Prime Edition

The eternal pull of memory & place

17th Jun 2012

The House I Loved

Rosiana de Tatnay

Penguin Classics

Pages: 178 Rs. 250

The adage 'home is where the heart is' pretty much sums up Parisian author Rosiana de Tatnay's latest novel. But unlike the cheeriness it implies, this work is a tragedy around the intense attachment that one could, and often does, develop with one's place of habitation. In the 1860s, upon the express order of Napolean III, Baron Haussman is on a mission to renovate all of Paris. In the midst of crumbling buildings, and an entire culture, is Rose Bazelet: a woman rebelling in her quiet way against this destruction, despite being enfeebled by old age and life. At stake are her memories, good and bad, and an entire generation's way of life that she is unwilling to let go. The novel is in the form of a letter that Rose writes to her deceased husband, which is as much an exercise in preservation as a confessional. The book provides for slow reading as there isn't much action, just a lot of recapitulation. Yet, Rose's final revolt finds ample expression in Tatnay's simple, effective narration.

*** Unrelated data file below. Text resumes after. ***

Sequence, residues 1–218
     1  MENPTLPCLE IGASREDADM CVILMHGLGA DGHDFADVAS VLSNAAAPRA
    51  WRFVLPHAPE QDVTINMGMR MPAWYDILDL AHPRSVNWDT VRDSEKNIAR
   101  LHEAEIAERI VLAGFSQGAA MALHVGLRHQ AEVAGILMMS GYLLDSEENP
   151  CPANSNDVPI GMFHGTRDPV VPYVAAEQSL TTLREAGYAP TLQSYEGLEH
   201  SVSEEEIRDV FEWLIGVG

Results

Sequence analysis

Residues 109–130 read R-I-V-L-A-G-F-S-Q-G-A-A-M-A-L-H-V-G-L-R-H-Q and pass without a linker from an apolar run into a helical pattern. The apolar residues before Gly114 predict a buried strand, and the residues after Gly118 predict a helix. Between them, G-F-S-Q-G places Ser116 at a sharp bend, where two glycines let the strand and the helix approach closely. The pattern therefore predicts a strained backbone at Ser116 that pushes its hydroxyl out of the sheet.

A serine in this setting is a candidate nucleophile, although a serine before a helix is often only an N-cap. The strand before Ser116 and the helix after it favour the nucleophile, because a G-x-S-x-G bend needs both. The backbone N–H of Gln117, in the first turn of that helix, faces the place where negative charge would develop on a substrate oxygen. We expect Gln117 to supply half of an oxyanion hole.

—Nidhi Gupta

 
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